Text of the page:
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A response from the billboard industry

Lee Vela, the president of the Outdoor Advertising Association of Texas, has responded to the digital billboards story with the following letter to the editor in the Chron.

Regarding the Chronicle’s Aug. 22 editorial (“Visual blight / Texas’ policy should be to reduce distracting, ugly billboards, not make them more garish, profitable”) and its Aug. 24 article (“Digital billboard plan stirs debate”): This media coverage on the issue of electronic billboards has brought to light an often repeated misconception about using these billboards in Texas.

The off-premise advertising use of electronic billboards that was proposed by the Texas Department of Transportation rules would allow one message change every eight seconds.

This use is static, as compared to on-premise casinos, whose displays are allowed to flash, blink and display motion.

The use of motion in electronic billboards in Texas would be prohibited.

Static electronic displays are highway safe.

The Virginia Tech Transportation Institute has conducted a study on static displays, and has found them “safety-neutral.”

The institute is nationally renowned for its transportation studies and is often used by the federal government.

Additionally, another traffic study conducted by Tantala & Associates found that static displays had no statistical relationship to the occurrence of highway accidents.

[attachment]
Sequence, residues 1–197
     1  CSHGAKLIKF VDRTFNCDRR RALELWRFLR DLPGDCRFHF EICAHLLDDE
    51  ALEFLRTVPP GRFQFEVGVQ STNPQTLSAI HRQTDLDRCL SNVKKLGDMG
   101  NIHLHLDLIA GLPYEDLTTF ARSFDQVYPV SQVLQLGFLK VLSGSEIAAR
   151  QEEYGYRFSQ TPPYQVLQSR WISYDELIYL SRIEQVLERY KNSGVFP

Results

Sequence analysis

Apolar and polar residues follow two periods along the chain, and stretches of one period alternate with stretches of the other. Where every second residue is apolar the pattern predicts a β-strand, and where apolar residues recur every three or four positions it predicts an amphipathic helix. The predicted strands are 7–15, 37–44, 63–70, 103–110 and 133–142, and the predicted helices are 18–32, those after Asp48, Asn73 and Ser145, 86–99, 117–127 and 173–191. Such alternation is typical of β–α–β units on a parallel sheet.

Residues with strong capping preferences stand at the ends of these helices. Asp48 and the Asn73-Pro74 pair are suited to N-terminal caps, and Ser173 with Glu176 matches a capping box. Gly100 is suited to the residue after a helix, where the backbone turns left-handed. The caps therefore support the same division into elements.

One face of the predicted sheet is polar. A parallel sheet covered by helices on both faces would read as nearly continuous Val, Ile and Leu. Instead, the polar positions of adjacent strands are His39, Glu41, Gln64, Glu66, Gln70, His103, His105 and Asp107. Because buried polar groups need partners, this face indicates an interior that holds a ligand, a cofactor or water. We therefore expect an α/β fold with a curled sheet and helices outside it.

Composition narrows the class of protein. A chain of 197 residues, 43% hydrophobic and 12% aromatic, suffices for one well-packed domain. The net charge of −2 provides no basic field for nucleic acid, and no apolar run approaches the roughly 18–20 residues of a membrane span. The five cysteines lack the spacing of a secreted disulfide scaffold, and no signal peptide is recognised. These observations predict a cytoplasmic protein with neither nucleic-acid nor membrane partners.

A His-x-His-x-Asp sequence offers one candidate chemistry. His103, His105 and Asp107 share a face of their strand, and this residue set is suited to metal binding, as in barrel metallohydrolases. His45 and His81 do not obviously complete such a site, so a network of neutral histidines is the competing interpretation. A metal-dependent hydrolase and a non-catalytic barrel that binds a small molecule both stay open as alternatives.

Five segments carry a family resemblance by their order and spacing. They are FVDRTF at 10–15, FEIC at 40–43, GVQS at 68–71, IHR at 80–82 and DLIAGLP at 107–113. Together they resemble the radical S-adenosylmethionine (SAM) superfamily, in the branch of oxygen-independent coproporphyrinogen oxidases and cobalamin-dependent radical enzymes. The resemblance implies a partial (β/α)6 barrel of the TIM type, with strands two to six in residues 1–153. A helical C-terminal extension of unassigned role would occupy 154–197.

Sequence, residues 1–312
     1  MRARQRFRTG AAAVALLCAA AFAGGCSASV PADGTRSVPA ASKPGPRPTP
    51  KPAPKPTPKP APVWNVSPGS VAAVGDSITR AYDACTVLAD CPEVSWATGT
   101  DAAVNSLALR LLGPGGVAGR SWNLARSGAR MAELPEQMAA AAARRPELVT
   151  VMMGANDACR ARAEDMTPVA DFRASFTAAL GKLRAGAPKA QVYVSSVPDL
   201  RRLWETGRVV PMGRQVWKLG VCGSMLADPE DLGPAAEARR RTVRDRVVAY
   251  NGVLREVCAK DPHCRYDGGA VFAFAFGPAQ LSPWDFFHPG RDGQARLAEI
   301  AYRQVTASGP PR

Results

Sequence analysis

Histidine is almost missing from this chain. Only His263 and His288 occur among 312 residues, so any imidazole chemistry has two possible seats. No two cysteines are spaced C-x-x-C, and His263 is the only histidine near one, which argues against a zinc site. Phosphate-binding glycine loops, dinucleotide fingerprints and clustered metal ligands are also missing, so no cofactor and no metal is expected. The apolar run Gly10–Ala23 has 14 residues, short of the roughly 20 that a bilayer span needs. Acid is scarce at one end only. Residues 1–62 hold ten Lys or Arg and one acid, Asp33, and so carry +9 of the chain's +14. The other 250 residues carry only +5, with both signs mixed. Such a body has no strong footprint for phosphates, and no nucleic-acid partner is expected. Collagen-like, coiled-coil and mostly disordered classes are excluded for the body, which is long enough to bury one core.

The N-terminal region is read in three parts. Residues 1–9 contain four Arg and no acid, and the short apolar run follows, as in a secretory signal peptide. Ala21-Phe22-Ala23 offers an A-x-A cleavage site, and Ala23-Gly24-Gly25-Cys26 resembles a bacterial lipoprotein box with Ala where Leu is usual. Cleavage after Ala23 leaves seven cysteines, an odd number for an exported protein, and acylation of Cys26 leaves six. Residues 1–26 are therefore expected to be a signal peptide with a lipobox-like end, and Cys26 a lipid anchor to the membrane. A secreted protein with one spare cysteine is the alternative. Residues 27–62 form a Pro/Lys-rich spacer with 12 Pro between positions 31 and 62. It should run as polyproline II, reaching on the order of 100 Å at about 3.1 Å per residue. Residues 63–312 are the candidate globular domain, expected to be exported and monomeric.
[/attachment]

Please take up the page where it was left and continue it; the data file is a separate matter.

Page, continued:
Another critical component of the proposed rules is that the billboards would adjust their brightness for natural ambient light conditions.

A board that is found to be too bright would have to reduce its intensity to an acceptable level.

Finally, the rules allow cities to decide if, and under what conditions, off-premise electronic billboards could be erected.

We are doing everything possible to ensure their responsible use.

LEE VELA
president, Outdoor Advertising Association of Texas, Houston

Thank you for the feedback. I’m glad to know that there’s no degradation in highway safety due to these things. I still hate the idea and still think they’ll be an extra level of ugly, no matter how much they’re downplayed. And I still hope we never see them in Texas.

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One Comment

  1. David Raitt says:

    These have been popping up all over Pittsburgh. The rules sound similar to yours — static images, infrequent (?) changes, and so forth.

    They’ve been up for around 18 months now, and I honestly can’t say that I notice them anymore, but they did seem godawful bright when they first went in. I still find the three-ad triangle billboard more distracting however. The changeover has a curious way of drawing my eyes!